The Hairy-footed Flower Bee (Anthophora plumipes) remains active (particularly females) and are now visiting the wider range of plants that are available - lavender is very popular. However, these have probably been outdone on the activity stakes by the Tawny Mining Bee Osmia rufa. These have spent the last week or two mining soil from the damper parts of the garden (there's a flurry of activity when the garden has been watered) and taking it to the bee log where the drilled holes have been well used. These contain cells formed in sequence with the entrance sealed with packed soil. I shall await the appearance of the early summer generation soon; the log will be stored in the shed to over-winter from late September until being hung up again in the spring to await emergence of the next generation. Not only that, but they are great pollinators, especially of fruit trees, and our garden has apple, peach, quince and cherry either in or adjacent to it.
|Female Osmia rufa basking on a paving slab - note the short prongs on the face just below the antennal bases; these are used to tamp mud into place.|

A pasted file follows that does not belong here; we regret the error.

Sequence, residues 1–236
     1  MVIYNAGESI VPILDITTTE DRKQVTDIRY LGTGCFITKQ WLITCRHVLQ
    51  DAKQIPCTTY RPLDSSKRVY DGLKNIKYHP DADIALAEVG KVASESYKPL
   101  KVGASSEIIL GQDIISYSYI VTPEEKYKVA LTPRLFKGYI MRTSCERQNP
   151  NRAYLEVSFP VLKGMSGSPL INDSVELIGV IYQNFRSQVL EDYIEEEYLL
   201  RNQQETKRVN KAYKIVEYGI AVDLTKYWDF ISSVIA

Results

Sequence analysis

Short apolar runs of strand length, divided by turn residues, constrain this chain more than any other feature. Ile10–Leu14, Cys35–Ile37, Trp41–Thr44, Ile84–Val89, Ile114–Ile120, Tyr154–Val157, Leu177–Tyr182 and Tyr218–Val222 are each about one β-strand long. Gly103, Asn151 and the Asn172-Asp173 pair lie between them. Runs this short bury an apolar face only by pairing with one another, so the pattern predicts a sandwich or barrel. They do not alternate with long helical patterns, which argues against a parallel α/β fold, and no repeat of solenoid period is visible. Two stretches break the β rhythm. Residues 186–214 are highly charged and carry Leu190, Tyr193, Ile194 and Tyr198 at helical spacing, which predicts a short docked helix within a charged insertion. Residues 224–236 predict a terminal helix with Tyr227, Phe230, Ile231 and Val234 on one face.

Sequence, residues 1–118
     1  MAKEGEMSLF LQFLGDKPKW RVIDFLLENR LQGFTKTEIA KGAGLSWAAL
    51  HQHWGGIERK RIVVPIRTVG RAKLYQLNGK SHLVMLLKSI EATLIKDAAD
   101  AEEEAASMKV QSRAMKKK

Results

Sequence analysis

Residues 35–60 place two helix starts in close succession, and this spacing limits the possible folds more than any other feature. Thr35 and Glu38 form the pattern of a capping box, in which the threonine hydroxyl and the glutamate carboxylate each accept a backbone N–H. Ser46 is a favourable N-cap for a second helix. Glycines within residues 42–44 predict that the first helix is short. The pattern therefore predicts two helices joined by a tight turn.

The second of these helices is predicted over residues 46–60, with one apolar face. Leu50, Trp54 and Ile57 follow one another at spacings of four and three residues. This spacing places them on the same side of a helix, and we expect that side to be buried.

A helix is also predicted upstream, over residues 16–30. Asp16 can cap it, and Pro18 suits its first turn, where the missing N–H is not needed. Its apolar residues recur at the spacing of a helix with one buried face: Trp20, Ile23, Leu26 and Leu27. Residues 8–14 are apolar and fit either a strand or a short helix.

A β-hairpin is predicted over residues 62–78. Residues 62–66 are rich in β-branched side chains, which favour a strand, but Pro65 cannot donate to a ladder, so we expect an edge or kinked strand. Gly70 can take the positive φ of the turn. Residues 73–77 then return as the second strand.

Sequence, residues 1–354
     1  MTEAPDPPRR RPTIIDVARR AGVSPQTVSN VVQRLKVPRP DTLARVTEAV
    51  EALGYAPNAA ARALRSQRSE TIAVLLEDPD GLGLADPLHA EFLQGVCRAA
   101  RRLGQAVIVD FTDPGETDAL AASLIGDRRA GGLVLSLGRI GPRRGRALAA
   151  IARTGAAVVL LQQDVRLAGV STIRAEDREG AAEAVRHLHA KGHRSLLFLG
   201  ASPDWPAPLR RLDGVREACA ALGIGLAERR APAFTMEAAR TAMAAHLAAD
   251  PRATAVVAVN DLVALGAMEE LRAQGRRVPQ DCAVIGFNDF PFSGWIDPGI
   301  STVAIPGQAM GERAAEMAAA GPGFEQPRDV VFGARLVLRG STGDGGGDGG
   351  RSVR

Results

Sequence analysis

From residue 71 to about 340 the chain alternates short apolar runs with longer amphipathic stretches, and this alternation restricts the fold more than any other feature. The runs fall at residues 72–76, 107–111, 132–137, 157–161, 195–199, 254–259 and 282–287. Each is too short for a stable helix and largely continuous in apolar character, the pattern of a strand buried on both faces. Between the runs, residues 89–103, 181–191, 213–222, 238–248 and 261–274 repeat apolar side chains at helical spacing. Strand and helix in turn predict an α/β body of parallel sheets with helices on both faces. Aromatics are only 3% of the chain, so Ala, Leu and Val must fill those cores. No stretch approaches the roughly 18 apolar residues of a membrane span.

|Back to the log|
|Spot the completed holes - and the retreating bee-bottom just right of centre|
|Another bee-bottom, this time approaching a clematis flower|
|A specimen of Bombus terrestris found deceased - note the sting rarely deployed in life|
|A small bee, possibly of the genus Lasioglossum|
|Bee caught in flight; probably Andrena haemorrhoa|
|Nomada fabriciana - note the red and black antennae (and the unwanted household fluff)|
To finish, a couple of days ago I found another specimen dead on the window-sill - this has just been ID'd as the common small bee Lasioglossum calceatum - enjoy the images...
|Dorsal view of L. calceatum|
|Wing veins - on the forewing, vein 2m-cu is weakly S-shaped and does not bulge outwards at the rear end. Hence this is not a species of Colletes. Also, the cross-veins become thinner towards the wing-tip and the basal vein is strongly curved.|
|Abdominal tip (5th tergite) with the small teardrop-shaped area surrounded by dense hairs. Pale flattened hairs at the side of the segmental bases.|
|A bit out of focus, but clearly with pollen-collecting structures (scopa)|